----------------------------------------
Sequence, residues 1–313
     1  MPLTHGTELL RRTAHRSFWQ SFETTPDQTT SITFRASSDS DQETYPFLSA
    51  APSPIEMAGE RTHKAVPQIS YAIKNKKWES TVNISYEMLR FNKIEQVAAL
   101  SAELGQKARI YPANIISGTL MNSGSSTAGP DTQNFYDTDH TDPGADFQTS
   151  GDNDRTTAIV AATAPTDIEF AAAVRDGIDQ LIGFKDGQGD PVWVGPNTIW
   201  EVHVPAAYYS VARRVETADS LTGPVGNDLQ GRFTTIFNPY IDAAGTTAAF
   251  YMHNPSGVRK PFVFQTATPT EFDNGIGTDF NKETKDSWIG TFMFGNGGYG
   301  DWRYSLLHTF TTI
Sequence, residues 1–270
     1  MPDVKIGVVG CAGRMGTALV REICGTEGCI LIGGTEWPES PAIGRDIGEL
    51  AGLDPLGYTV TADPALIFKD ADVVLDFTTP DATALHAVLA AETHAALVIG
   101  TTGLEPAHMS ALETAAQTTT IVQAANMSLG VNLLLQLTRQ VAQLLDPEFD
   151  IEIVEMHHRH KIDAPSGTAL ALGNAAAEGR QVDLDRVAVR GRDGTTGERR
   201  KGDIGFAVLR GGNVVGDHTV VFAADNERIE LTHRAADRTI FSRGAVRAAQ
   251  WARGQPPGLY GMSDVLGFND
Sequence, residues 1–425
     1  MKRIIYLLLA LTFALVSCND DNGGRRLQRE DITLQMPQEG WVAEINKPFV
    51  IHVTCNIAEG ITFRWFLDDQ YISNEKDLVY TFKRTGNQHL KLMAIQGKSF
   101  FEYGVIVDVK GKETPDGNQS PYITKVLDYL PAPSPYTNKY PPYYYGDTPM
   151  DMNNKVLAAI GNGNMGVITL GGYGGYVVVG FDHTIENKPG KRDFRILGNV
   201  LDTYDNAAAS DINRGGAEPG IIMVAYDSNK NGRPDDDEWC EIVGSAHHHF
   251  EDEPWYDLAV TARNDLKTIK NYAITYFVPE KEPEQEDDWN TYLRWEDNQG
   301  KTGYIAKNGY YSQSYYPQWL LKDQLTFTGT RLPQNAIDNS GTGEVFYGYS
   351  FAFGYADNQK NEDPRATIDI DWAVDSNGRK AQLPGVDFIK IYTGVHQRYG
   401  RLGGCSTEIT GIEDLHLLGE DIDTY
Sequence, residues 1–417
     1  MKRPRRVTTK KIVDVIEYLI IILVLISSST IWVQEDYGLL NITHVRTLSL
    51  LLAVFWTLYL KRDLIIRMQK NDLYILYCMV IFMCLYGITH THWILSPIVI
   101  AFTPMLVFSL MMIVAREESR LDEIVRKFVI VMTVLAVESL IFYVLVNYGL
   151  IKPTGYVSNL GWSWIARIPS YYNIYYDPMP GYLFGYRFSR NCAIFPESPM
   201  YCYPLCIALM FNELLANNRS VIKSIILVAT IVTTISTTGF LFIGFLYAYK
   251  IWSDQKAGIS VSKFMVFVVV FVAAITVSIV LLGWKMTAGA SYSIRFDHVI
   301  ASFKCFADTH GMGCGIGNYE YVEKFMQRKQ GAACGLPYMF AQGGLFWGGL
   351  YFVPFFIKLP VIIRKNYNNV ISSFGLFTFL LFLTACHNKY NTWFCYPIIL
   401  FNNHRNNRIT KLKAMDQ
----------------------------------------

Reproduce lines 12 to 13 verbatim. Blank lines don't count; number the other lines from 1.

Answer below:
   101  TTGLEPAHMS ALETAAQTTT IVQAANMSLG VNLLLQLTRQ VAQLLDPEFD
   151  IEIVEMHHRH KIDAPSGTAL ALGNAAAEGR QVDLDRVAVR GRDGTTGERR